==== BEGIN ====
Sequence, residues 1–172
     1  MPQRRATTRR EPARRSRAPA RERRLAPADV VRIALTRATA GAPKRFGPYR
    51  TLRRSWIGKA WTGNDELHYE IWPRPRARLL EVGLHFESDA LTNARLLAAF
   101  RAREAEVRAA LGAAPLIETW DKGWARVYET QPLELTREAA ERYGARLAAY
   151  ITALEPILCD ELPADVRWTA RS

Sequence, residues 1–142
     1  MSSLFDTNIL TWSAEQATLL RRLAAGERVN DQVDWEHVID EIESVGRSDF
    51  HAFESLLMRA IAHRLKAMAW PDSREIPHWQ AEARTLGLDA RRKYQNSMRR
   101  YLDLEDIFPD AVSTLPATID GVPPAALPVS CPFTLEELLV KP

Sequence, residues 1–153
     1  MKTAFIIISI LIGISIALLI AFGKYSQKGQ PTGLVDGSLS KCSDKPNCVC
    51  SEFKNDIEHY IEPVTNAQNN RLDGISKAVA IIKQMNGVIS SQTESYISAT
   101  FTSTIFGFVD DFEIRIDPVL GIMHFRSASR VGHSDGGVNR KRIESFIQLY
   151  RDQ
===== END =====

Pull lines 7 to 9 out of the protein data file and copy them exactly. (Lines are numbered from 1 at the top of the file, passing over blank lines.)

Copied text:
     1  MSSLFDTNIL TWSAEQATLL RRLAAGERVN DQVDWEHVID EIESVGRSDF
    51  HAFESLLMRA IAHRLKAMAW PDSREIPHWQ AEARTLGLDA RRKYQNSMRR
   101  YLDLEDIFPD AVSTLPATID GVPPAALPVS CPFTLEELLV KP